Skip to content

If you were, say, holder of the 100m freestyle world record, you’d be looking at pulling off a length of Silversands’ pool in 47 seconds, give or take the odd fraction. If you’ve had a delicious and nutritious glass or seven of, say, Ruinart or small-batch caramelised rum the colour of money, it might take a little longer. And by the time you get to the end of the longest pool in the Caribbean you’ll want to perch your arms on the edge – lifting yourself, ever so, out of the water to make those deltoids pop – and look out over Grand Anse Beach and the doffed parasols and the sea that carries on all the way to Mexico, and you’ll think, yeah, this is a bit of alright.

Silversands is magnificent, and it’s not often you can use that word without cringing. Conjured up by the imagination and deep, deep pockets of an Egyptian billionaire who’s totally in love with Grenada but was a bit nonplussed with its hotels, it’s what is known in the business as a game-changer, and there goes another word that in other circumstances would be a matter for the police. Silversands is insanely gorgeous, the most polished Caribbean resort you’ve probably/almost definitely ever laid eyes on, with an infinity pool you can see from the moon on an island that is still just about recherché enough that you won’t be clocking the veneers of a Housewife of Cheshire lolloping on a limited edition Moschino paddle-board.

Opening just before ye olde Lockdown, Silversands is to all intents and let’s-not-count-these-last-18-months brand new. So new you can smell it, and that’s a great smell, right? Tom Ford or Byredo or Le Labo should mark it up and sell it on. They’re not parsimonious – tight, in old money – here, which is a relief. The cash has flowed and flowed and flowed and every square centimetre sparkles and shimmers and glows. Which is what happens when you’re staying at a billionare’s whim. Normal people splurge on a Vespa or a Chunky KitKat, Naguib Sawiris creates the most extraordinary hotel Grenada has ever seen, right here on a beach that is often called the world’s best. So that’s your win-win right there.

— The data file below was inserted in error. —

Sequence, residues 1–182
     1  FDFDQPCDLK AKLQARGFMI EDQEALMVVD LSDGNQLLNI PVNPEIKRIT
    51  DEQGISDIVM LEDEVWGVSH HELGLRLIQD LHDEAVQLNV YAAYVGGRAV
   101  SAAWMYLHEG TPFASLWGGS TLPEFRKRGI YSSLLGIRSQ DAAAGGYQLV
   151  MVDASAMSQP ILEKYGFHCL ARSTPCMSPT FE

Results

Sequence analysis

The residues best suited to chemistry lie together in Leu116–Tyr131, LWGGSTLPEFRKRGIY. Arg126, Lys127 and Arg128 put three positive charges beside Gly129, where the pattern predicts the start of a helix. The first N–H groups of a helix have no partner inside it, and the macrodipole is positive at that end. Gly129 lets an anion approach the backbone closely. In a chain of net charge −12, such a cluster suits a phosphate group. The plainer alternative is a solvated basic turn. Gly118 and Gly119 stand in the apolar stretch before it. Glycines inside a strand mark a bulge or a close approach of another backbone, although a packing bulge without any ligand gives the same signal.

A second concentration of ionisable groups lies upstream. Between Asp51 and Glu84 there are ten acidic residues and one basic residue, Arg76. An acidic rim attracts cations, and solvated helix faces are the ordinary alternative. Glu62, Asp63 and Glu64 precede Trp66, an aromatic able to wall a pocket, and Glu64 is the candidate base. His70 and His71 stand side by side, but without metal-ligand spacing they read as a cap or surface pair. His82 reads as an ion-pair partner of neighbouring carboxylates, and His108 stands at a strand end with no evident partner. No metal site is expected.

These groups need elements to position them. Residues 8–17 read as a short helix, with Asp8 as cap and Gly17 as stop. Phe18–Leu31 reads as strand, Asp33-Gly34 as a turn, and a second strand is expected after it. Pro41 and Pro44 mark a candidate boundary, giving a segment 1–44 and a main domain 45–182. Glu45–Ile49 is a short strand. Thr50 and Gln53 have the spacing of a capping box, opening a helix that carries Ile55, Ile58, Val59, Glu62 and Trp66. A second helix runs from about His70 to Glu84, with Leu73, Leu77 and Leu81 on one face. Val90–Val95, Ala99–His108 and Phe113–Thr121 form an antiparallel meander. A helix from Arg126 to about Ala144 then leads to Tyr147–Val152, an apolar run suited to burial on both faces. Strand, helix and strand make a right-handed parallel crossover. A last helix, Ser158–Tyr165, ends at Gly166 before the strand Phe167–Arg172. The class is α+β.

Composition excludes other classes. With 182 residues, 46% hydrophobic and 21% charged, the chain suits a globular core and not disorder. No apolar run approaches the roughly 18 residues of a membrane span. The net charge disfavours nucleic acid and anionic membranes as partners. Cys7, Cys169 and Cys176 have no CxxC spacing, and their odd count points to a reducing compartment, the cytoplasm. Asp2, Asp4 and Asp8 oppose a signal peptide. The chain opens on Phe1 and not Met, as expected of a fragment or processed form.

I stayed in one of the five Beachfront Villas, at which point I refer you to that ‘bit of alright’ line. Single-storey beauties wrapped around their own private infinity pools with a main living space at their core and four bedrooms, two either side, that are basically mini-villas, all drenched in marble and natural walnut with diaphanous floor-to-ceiling white chiffon that slow dances to the air con. The furniture’s all bespoke, by Molteni&C, B&B Italia, Artespazio, Bruno Moinard, names, names, names, the indoor and outdoor showers are Hansgrohe, which is like the Gucci of showers, and the kitchen is fit to bursting with Poggenpohl cabinets and gadgetry by Gaggenue and Miele. The cutlery alone would’ve set me back my entire student loan – and I was greedy and did a Masters. If you’re taking notes, your outdoor deck is 2,215 sq. ft., there are two heated plunge pools on top of that infinity pool of yours because why not?, and you have direct access to Great Anse. You can wave at people walking by as they mouth ‘What the actual *@%#?’ right back at you. So far, so superstar.

The central resort hub uses that scene-stealing pool as its focus. Peppered around it are the four drinking and eating options that range from the Beach Lounge (lounge, beach, you get it) right up to fine-dining at Asiatique – where Asian flavours get all chummy with Grenadian spices – via the Grill, which does laidback and ceviche very, very well, all rounded off nicely by Puro, the cigar and rum bar where you’ll find the sexiest nightcaps this side of Havana. We were knocking back just as a helicopter was dropping off one of the world’s most expensive bottles of rum, £24k a gulp. I know, right? This is the crowd we’re dealing with here, not that there’s any of that pretentious nonsense going on. This brand of superrich is ebullient and gregarious and wants a whole load of fun in their lives, only in slightly better shoes than everyone else. They’ll even speak to you down the spa!